The rebuild for the Atlanta Falcons in Flowery Branch has reached new levels of optimism. Even I have succumbed to looking at this season through training camp goggles. But deep below the surface of A.J. Terrell pass breakups and Feliepe Franks truck sticks is a reality that has not changed: this is still a rebuilding roster.
They are taking proper steps towards competency in the NFC, but there’s still much to do before they’re ready to take that next step. But, when you mix the current quarterback situation with the insane strength of schedule (10th in the league), this step in the rebuild will not be measured in wins and losses.
The Falcons have been preaching competitiveness for the better part of this off-season, a very similar focus made by a team last season that most pundits feel is moving in the right direction: The Detroit Lions.
Comparing the 2021 Detroit Lions and the 2022 Atlanta Falcons
Both teams have not seen a .500 record since 2017. They also both recently let go of their long-time franchise quarterbacks, thus causing uncertainty at the position. Finally, both teams have recently brought in a new head coach to give them an identity.
To add to the similarities, three players highlight the similarities of their respective situations. Three heroes of their rebuilds, if you will.
The Unlikely Hero
For Detroit, the unlikely hero last season was wide receiver Amon-Ra St. Brown. The fourth-round pick out of USC came into the league as a surprisingly complete receiver. He needed his time to get acclimated to the speed of the NFL, and for St. Brown, it took only 11 games. St. Brown’s final six games of his rookie campaign ended with 51 receptions on 67 targets and 560 yards, which accounted for about 60% of his production receiving for the year.
For Atlanta, expect that unlikely hero to be rookie running back Tyler Allgeier. The Falcons were 30th in yards per attempt last season and 31st in total rushing yards. They also did not get much push from the offensive line as they were 29th in yards before contact.
The offensive line has remained about the same, unfortunately. However, mobile quarterbacks Marcus Mariota and Desmond Ridder open up another aspect of the offense — the run/pass option that Ryan Tannehill ran so well when Arthur Smith was in Tennessee. And with Tannehill came a running back that got better as the game progressed with his physicality.
This is not implying that Allgeier is Derrick Henry; nobody will ever be Derrick Henry. But Allgeier can alleviate some of the carries from Cordarrelle Patterson, allowing him to be more of an offensive weapon than a traditional running back. He will have to beat out Damien Williams, the free agent from Kansas City that shined in Super Bowl LIV. But make no mistake, Allgeier has been brought here to be the feature back for years to come for the Falcons, and it starts with this year.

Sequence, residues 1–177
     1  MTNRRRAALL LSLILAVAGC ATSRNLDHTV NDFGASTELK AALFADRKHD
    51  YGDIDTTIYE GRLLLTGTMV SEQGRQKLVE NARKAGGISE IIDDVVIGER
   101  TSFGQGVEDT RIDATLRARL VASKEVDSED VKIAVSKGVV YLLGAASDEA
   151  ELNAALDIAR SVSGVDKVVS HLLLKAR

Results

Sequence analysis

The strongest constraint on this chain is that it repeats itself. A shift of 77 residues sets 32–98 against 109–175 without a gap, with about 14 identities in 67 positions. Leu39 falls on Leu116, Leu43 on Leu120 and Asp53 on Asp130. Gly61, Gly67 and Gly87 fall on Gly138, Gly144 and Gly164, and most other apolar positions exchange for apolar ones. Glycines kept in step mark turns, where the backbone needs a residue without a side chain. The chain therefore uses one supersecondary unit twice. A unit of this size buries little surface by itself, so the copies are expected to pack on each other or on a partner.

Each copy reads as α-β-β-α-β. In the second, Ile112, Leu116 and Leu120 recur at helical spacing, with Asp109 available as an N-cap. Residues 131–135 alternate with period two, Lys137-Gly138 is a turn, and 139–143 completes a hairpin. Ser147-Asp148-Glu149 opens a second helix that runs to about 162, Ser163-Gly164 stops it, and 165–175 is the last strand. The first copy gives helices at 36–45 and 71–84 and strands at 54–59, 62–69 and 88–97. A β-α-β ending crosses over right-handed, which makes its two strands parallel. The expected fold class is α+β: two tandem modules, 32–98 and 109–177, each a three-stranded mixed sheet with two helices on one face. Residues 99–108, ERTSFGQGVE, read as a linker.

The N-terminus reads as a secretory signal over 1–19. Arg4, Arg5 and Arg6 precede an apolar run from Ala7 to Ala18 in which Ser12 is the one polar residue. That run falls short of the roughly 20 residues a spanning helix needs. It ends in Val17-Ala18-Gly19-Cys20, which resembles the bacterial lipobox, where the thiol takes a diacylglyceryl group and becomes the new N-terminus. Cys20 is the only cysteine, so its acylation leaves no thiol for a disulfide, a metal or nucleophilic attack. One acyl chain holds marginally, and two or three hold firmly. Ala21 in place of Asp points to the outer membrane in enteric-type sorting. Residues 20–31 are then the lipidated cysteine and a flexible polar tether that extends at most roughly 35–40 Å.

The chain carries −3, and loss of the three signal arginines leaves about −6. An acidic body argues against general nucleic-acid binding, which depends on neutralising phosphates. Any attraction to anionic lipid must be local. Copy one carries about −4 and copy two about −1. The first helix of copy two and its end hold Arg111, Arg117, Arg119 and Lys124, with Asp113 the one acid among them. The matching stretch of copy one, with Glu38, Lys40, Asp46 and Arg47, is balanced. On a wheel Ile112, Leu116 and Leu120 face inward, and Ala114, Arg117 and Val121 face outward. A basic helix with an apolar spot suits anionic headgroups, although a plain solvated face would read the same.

The comparisons between the Detroit Lions and Atlanta Falcons don’t stop with the unlikely hero. Both teams have an antihero to deal with despite their shortcomings as players. In Detroit, the antihero was quarterback Jared Goff.
The Los Angeles Rams traded Jared Goff in the offseason going into the 2021 season. Goff didn’t have that X-factor to take Sean McVay’s offense to the next level. He doesn’t add anything to the offense past what is on the play-call sheet. But he did keep the ball out of harm’s way, was 12th in completion percentage, and the bottom quarter in interceptions — but dead last in intended air yards per pass attempt. With Goff, you take the good with the bad.
Atlanta will have to do the same with Deion Jones this season. Jones’ production had been steadily declining since his foot injury in 2018. In the Atlanta defense, Deion Jones was known for his coverage ability. However, starting with 2019, his quarterback rating when targeted has been 92.3, 114.0, and 115.5, according to Pro Football Reference.
However, he does still have the speed to go sideline-to-sideline. He was hurt last year, which could explain his hesitancy to seek out contact. Since the Falcons couldn’t trade Jones this offseason, they are ultimately stuck with the seventh-year linebacker. Let’s hope that he can resemble his former self.
Finally, we have the superhero. The most vital hero of the Detroit Lions and Atlanta Falcons rebuilds. For Detroit, the war hero is D’Andre Swift. Don’t let last year’s performance fool you about Swift; he is still the same dawg that came out in 2019. His workload dipped due to a lingering injury, but he has some durability concerns. They stem mainly from him having to shoulder so much of the load offensively.
But all of that is about to change. The Lions have outfitted themselves with D.J. Chark, St. Brown, and rookie Jameson Williams to ease the carry load. The Lions are doing what they can to elongate the career of their feature back.
For the Falcons, their superhero is none other than the unicorn himself, Kyle Pitts. He ran out of gas and pulled his hamstring with how much of the offense he had to shoulder last season. The only two players that were legitimate threats on the Falcons offense in 2021 were Cordarrelle Patterson and Pitts, which is insane to think about when you see that Pitts only registered one touchdown the entire season.
Defensive coordinators keyed in on Pitts and forced them to go to any other option in that barren offense. But, just like Swift, the Falcons decided to outfit the rest of the offense around Pitts. Drake London, Bryan Edwards, and Auden Tate to the passing game and Allgeier and Damien Williams to a physical running game as a complement. Making Pitts the focal point of this offense and allowing him to be the superhero of the team should make for an exciting brand of Falcons football in 2022.